Ever had an advert follow you around the internet long after you’ve actually bought that pair of shoes, or handbag or laptop? You can understand why most consumers get annoyed by this kind of persistent and meaningless advertising. It’s no wonder governments are passing ever-stricter privacy laws. But you can also understand why companies want to target people with products they clearly crave. So, what can brands do to connect with consumers without making them feel like they’re being stalked?

Implications for brands

The push for privacy isn’t all doom and gloom for those of us in the marketing business. Consumers do want ads that are relevant to their desires. But one type of content won’t suit all audiences. So, brands need to know which messages to serve to which audiences. We used to rely on demographics to segment audiences and provide messages targeted to each group. Unfortunately, this trick has been ground into the dust, because demographics are DEAD.

To reach audiences in today’s cluttered space, brands need to provide hyper-personalised content.

Personalisation isn’t rocket science, but it is a fine art

So what’s the big deal? Brands have used personalisation for a long time, right?


Brands often think they are offering personalisation when they are providing optimisation. Using machine learning to identify which ads that are most impactful is optimisation. This is great for seeing what earns the most clicks at the lowest CPC (cost-per-click). But it does not work at the individual level, because it’s not personalised for each user.

One way to think about this difference is in terms of “fast” or “slow” data, says Marcos Cadena, Vice President, Digital Marketing, Distribution, CRM, Loyalty, Partnerships & Head of Data Privacy at Minor International. “Fast data is what we get directly from our customers. Any action we take based on this data is immediate and unique to that customer,” he says.

“Slow data is when we take all the information we have and analyse it to come up with multiple ads as a result,” he adds. In other words, the bulk data help create an optimised version of an ad.

Personalisation is not so easy. Have you ever called the customer helpline for your telephone service provider, only to waste the first five minutes verifying your identity and providing your telephone number (oh, the irony!)? Compare this to the experience of walking into your favourite restaurant in a city you haven’t visited in a few months, where you are greeted by name at the entrance and ushered straight to your favourite table.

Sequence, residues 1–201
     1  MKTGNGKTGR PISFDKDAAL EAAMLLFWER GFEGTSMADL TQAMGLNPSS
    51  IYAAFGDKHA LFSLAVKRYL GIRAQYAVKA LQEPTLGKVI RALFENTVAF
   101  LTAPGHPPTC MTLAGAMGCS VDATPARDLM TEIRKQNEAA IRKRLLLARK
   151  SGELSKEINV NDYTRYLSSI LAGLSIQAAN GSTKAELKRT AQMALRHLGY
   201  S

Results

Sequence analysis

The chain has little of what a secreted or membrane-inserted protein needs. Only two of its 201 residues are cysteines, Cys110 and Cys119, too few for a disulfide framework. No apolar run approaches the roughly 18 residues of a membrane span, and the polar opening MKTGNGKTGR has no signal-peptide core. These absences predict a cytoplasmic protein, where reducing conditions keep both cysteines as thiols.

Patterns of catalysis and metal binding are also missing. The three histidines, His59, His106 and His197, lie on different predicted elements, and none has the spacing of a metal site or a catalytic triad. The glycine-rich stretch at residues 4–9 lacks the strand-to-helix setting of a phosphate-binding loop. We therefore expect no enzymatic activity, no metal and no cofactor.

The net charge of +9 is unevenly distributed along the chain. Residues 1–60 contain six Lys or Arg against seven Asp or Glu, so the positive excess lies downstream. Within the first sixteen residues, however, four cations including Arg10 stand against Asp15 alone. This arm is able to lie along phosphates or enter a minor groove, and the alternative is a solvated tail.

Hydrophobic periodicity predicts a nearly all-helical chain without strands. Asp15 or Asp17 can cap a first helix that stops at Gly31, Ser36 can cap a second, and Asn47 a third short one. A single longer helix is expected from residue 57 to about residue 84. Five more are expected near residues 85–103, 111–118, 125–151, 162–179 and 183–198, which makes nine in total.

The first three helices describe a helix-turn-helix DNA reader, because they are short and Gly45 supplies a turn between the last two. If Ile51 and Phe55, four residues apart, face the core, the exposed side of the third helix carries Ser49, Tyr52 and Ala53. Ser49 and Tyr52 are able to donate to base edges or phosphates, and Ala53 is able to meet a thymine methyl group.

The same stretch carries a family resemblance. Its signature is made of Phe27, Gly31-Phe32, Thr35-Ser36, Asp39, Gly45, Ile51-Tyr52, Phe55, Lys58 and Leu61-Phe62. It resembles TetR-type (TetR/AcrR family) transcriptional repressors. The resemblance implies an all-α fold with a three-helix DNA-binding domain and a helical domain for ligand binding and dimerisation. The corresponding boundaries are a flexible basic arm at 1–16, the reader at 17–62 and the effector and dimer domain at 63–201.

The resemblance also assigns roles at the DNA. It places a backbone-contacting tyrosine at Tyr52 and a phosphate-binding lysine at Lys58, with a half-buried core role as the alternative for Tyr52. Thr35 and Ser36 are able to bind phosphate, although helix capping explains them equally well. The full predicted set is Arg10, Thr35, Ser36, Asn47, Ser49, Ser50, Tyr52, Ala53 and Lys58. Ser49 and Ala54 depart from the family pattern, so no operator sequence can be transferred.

Both service providers have the same information available to them, but one uses it much better than the other. Marcos says, “When a customer calls us to make enquiries about a particular hotel property, our customer service executive already has all of their information handy – where the caller is based, what type of room they booked with us previously, and whether they are travelling solo or with family. Having this information allows us to serve the customers much more efficiently.”

Personalisation doesn’t have to come at the cost of data privacy

Consumers are finally coming to terms with the necessity of online ads, but they are also increasingly wary of how their data is used. With laws like PDPA (Singapore, Thailand) and GDPR (Europe), it’s not just a question of breaking customer trust; brands face the risk of severe penalties for breaches.

It’s tricky to find the perfect balance between personalisation and privacy. People are emotional rather than logical when it comes to decisions about their personal data. Many are perfectly happy to share TMI (too much information) with total strangers on Twitter but keep the same information secret from their nearest and dearest. What triggers people’s concerns about privacy is difficult to discern.

Fortunately, as HBR pointed out, data scientists have been studying this balance for a long time, and there are ways that brands can use personalisation without encroaching on privacy. One way is being transparent about how the personalisation was made possible. If a person willingly provides information to this end, they are less likely to get incensed (and write that long, angry social media post about it) than if the information was obtained via a third party that the consumer may or may not have knowingly given consent to.

Conscientious and smart brands know which category they want to belong to. “Consumers have the right to understand what data is being collected and how it’s being used. Companies must build the infrastructure to make this transparency possible. It adds complexities to how we work, but it challenges us to change our strategies and adapt,” says Marcos.

Ultimately, the use of technology must go beyond paying lip service, must dig deeper than optimisation to deliver personalisation, but pull short before veering off into the dangerous waters of privacy infringement.

Use customer data to show a shopper a pair of socks to match; don’t try to sell them the same shoes again.